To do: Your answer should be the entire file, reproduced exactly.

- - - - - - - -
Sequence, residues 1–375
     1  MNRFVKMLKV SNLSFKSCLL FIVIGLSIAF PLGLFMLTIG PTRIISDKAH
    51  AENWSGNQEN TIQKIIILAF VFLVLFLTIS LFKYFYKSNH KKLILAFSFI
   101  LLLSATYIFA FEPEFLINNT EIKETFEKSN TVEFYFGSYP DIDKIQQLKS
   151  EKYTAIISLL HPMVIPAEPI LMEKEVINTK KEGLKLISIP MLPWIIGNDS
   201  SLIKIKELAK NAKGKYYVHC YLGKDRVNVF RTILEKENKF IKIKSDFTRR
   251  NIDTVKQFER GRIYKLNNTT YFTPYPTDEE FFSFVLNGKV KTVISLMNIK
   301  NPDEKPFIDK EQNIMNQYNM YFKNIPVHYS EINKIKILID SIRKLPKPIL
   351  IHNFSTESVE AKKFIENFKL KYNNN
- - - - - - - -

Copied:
Sequence, residues 1–375
     1  MNRFVKMLKV SNLSFKSCLL FIVIGLSIAF PLGLFMLTIG PTRIISDKAH
    51  AENWSGNQEN TIQKIIILAF VFLVLFLTIS LFKYFYKSNH KKLILAFSFI
   101  LLLSATYIFA FEPEFLINNT EIKETFEKSN TVEFYFGSYP DIDKIQQLKS
   151  EKYTAIISLL HPMVIPAEPI LMEKEVINTK KEGLKLISIP MLPWIIGNDS
   201  SLIKIKELAK NAKGKYYVHC YLGKDRVNVF RTILEKENKF IKIKSDFTRR
   251  NIDTVKQFER GRIYKLNNTT YFTPYPTDEE FFSFVLNGKV KTVISLMNIK
   301  NPDEKPFIDK EQNIMNQYNM YFKNIPVHYS EINKIKILID SIRKLPKPIL
   351  IHNFSTESVE AKKFIENFKL KYNNN